(b) If an employee makes a report under division (A)(1)(a) of this section, the employer, within twenty-four hours after the oral notification was made or the report was received or by the close of business on the next regular business day following the day on which the oral notification was made or the report was received, whichever is later, shall notify the employee, in writing, of any effort of the employer to correct the alleged violation or hazard or of the absence of the alleged violation or hazard.

(3) If an employee becomes aware in the course of the employee's employment of a violation by a fellow employee of any state or federal statute, any ordinance or regulation of a political subdivision, or any work rule or company policy of the employee's employer and if the employee reasonably believes that the violation either is a criminal offense that is likely to cause an imminent risk of physical harm to persons or a hazard to public health or safety or is a felony, the employee orally shall notify the employee's supervisor or other responsible officer of the employee's employer of the violation and subsequently shall file with that supervisor or officer a written report that provides sufficient detail to identify and describe the violation.

In Ohio, absent an employment contract, an employee is an employee-at-will and may be terminated at any time for any lawful reason or for no reason at all. Mers v. Dispatch Printing Co. (1985), 19 Ohio St.3d 100, 102, fn. 1, citing Henkel v. Educational Research Council of Am. (1976), 45 Ohio St.2d 249, 255. However, an at-will employee may not be discharged or disciplined for reasons violative of a statute or public policy. Greeley v. Miami Valley Maintenance Contrs., Inc. (1990), 49 Ohio St.3d 228, paragraph two of the syllabus. R.C. 4113.52, Ohio's whistle-blower statute, prohibits the discharge or discipline of an employee whose acts are protected by its provisions. An employee who is discharged or disciplined in violation of R.C. 4113.52 may bring a statutory cause of action for the violation, a common-law cause of action in tort, or both. Kulch v. Structural Fibers, Inc., 78 Ohio St.3d 134, 1997-Ohio-219, paragraph five of the syllabus. An employee must strictly comply with the dictates of the statute in order to receive its protection. Contreras v. Ferro Corp. (1995), 73 Ohio St.3d 244.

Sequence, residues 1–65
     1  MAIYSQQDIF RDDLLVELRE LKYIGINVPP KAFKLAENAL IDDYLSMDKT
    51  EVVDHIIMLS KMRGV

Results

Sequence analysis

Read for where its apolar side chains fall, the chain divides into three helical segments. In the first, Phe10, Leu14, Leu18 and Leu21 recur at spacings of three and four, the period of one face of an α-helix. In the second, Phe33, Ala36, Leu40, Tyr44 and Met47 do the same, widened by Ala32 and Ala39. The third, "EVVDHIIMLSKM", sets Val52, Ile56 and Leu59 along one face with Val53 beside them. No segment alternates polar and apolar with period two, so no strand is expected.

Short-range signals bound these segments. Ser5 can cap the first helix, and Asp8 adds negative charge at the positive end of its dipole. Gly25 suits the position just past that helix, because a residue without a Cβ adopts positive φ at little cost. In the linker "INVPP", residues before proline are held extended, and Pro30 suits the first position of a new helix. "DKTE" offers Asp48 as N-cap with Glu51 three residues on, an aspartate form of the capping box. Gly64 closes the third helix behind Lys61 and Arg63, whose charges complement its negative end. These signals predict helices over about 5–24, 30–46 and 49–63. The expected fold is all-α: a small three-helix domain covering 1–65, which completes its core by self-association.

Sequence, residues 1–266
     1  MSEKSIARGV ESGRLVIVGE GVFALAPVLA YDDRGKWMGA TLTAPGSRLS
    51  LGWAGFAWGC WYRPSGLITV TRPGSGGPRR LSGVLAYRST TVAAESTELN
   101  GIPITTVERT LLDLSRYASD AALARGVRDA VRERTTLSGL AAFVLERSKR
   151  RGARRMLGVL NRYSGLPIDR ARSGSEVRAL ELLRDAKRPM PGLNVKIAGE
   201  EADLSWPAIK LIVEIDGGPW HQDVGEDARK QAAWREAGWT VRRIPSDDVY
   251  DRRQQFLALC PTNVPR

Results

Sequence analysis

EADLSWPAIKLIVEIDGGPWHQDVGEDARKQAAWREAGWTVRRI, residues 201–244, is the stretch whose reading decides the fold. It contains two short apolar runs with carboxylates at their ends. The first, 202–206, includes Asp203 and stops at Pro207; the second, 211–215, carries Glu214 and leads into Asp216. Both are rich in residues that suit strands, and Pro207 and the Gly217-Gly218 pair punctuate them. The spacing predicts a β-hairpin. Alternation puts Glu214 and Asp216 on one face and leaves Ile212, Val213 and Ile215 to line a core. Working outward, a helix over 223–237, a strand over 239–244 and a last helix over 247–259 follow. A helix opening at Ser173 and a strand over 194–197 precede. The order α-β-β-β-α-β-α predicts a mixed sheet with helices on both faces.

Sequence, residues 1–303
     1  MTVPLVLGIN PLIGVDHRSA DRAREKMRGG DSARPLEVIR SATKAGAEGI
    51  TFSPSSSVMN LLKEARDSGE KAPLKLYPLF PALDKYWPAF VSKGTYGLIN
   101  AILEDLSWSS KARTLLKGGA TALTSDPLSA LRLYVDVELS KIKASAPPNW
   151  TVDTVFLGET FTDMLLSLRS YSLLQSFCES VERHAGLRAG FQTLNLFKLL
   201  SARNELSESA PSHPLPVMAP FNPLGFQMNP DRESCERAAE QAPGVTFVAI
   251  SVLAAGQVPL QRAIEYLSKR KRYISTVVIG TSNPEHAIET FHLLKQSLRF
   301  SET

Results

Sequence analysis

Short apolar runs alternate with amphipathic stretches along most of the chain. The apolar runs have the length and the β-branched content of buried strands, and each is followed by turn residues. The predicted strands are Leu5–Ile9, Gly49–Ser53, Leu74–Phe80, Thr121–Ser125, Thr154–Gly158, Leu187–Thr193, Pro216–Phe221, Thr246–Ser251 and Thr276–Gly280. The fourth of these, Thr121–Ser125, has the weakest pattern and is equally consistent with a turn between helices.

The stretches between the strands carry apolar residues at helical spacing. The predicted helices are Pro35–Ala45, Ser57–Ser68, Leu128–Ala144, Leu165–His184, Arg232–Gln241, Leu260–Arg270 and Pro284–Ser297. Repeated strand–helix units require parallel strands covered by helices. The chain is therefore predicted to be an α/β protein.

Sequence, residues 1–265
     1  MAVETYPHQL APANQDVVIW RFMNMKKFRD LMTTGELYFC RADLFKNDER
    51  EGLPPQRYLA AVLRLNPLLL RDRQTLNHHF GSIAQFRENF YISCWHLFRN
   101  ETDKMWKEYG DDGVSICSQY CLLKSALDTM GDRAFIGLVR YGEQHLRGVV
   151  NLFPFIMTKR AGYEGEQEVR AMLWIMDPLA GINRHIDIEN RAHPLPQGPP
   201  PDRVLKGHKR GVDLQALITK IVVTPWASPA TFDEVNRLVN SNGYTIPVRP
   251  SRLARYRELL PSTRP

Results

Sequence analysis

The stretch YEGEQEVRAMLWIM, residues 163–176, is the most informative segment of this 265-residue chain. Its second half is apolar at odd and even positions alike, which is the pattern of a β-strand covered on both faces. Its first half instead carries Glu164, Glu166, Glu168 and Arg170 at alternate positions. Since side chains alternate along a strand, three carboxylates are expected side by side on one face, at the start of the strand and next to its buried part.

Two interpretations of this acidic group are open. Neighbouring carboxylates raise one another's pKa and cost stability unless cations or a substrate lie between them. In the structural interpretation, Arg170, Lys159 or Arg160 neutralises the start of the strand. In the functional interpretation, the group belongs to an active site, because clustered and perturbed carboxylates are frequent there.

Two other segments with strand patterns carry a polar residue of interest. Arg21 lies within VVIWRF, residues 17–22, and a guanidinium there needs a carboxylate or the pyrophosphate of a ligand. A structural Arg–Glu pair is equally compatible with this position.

{¶8} In the context of a motion for summary judgment, the presentments required in a whistle-blower case are no different from those in any other retaliatory discharge suit. See Chandler v. Empire Chem., Inc. (1994), 99 Ohio App.3d 396, 400. The plaintiff must first make a prima facie case by showing that (1) he or she engaged in activity which would bring him or her under the protection of the statute; (2) was subject to an adverse employment action; and (3) there was a causal link between the protected activity and the adverse employment action. Wright v. Petroleum Helicopter, Inc. (Sept. 18, 1997), 8th Dist. No. 71168, citing Cooper v. N. Olmsted (C.A.6, 1986), 795 F.2d 1265, 1272.

{ΒΆ9} In the present case, Blackburn contends that R.C. 4113.52(A)(1)(a) and (A)(3) require that an employee reasonably believe either (a) a violation is a criminal offense that is likely to cause an imminent risk of physical harm to persons, or (b) a violation is a hazard to public health or safety, but the trial court here found these provisions require that either (a) a violation is a criminal offense that is likely to cause an imminent risk of physical harm to persons, or (b) a violation is a criminal offense that is a hazard to public health or safety. In other words, appellants contend that R.C. 4113.52(A)(1)(a) and (A)(3) do not require that a violation that is a hazard to public health or safety also be a ...